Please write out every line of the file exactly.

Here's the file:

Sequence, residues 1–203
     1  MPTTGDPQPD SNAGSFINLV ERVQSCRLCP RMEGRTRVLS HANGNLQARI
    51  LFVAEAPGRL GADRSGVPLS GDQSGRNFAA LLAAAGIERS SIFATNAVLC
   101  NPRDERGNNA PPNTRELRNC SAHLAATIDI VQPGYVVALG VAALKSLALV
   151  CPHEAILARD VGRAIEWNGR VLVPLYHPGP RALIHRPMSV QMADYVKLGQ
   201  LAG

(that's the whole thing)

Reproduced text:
Sequence, residues 1–203
     1  MPTTGDPQPD SNAGSFINLV ERVQSCRLCP RMEGRTRVLS HANGNLQARI
    51  LFVAEAPGRL GADRSGVPLS GDQSGRNFAA LLAAAGIERS SIFATNAVLC
   101  NPRDERGNNA PPNTRELRNC SAHLAATIDI VQPGYVVALG VAALKSLALV
   151  CPHEAILARD VGRAIEWNGR VLVPLYHPGP RALIHRPMSV QMADYVKLGQ
   201  LAG